In a rather disjointed clarification that accompanied RU Progressive’s Instagram statement, they attempted to further impugn Smith’s character, indicting him for his disobedience to public health czars, as well as on multiple counts of wrongthink.

“Smith has actively demonstrated his lack of regard for human life by facilitating the spread of COVID through keeping his gym open during the lockdown and his spread of misinformation about the virus and health measures on social media platforms,” the clarification read.

“To add to this, he has spread conspiracy theories regarding the 2020 presidential election, and has shown support for notable white supremacist Tucker Carlson.”

But again, there was no reference to any specific policy that had been violated.

Furthermore, the clarification also, arguably, raises questions of whether RU Progressive takes the stance that questioning public health measures should disqualify someone from speaking at a rally protesting public health measures, as well as how they define white supremacist, and how Smith liking a popular cable news host is relevant.

When The College Fix reached out to RU Progressive, a representative replied with an email statement reiterating their organization’s call for an investigation of “the events of the recent protest and for appropriate action to be taken in line with university policies on student conduct during events hosted by student-funded organizations.”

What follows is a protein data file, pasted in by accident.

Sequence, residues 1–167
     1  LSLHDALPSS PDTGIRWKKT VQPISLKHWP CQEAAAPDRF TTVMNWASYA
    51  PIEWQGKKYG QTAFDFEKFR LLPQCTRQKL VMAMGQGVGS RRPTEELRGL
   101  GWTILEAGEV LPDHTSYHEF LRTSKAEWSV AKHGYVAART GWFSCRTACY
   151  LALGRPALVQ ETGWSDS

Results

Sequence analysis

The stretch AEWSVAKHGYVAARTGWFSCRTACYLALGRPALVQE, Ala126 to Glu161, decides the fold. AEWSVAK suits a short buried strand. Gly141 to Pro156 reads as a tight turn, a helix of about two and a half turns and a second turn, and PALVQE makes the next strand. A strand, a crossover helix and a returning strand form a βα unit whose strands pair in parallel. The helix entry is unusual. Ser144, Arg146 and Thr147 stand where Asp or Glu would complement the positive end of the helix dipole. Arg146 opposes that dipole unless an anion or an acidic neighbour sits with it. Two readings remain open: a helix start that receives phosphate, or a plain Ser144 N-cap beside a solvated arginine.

The email statement went on to say, “If the university finds that either organization (or students involved in the event) had broken any policies of student conduct, we feel that appropriate action should be taken. We as an organization do not feel that we are in a place to prescribe a set of consequences for the organizations or individuals involved in the event.”

Again, there was no reference to any specific policy that had been violated – just the demand that the school look for one and deliver an appropriate punishment if one were to be found.

When The College Fix contacted the Rutgers University Student Assembly about various calls to investigate or defund the Rutgers chapters of TPUSA and YAL, a representative issued a statement via email.

“The RUSA Allocations Board does not have the ability to defund student organizations unless they are derecognized by the University, which is not a course of action that the Rutgers administration will be taking,” according to the statement.

“At our general meeting…we clarified this fact to the general assembly. Furthermore, it is worth noting that no student fee money was used in the funding of the TPUSA/YAL event. We make funding decisions based off of a content-neutral model, and we can not [sic] penalize an organization for exercising freedom of speech.”

Hence, in this case, it would appear free speech prevailed.

ALERT: Check out our Campus Cancel Culture Database

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About the Author
College Fix contributor Daniel Nuccio holds master's degrees in both psychology and biology. He is currently pursuing his doctorate in biology at Northern Illinois University where he is studying the impact of social isolation on host-microbe interactions and learning new coding techniques to integrate into his research.